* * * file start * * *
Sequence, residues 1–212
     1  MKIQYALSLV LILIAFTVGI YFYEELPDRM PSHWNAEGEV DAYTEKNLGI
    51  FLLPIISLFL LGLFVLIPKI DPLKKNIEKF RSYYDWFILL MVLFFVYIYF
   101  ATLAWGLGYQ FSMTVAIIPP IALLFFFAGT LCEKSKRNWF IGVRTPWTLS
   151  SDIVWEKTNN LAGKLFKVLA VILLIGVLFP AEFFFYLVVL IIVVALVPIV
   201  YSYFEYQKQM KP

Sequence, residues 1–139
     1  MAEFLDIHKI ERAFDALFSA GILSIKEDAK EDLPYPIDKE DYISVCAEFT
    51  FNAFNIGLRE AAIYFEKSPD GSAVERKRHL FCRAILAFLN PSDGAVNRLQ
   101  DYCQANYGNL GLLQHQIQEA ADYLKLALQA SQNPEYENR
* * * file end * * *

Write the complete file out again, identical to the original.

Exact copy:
Sequence, residues 1–212
     1  MKIQYALSLV LILIAFTVGI YFYEELPDRM PSHWNAEGEV DAYTEKNLGI
    51  FLLPIISLFL LGLFVLIPKI DPLKKNIEKF RSYYDWFILL MVLFFVYIYF
   101  ATLAWGLGYQ FSMTVAIIPP IALLFFFAGT LCEKSKRNWF IGVRTPWTLS
   151  SDIVWEKTNN LAGKLFKVLA VILLIGVLFP AEFFFYLVVL IIVVALVPIV
   201  YSYFEYQKQM KP

Sequence, residues 1–139
     1  MAEFLDIHKI ERAFDALFSA GILSIKEDAK EDLPYPIDKE DYISVCAEFT
    51  FNAFNIGLRE AAIYFEKSPD GSAVERKRHL FCRAILAFLN PSDGAVNRLQ
   101  DYCQANYGNL GLLQHQIQEA ADYLKLALQA SQNPEYENR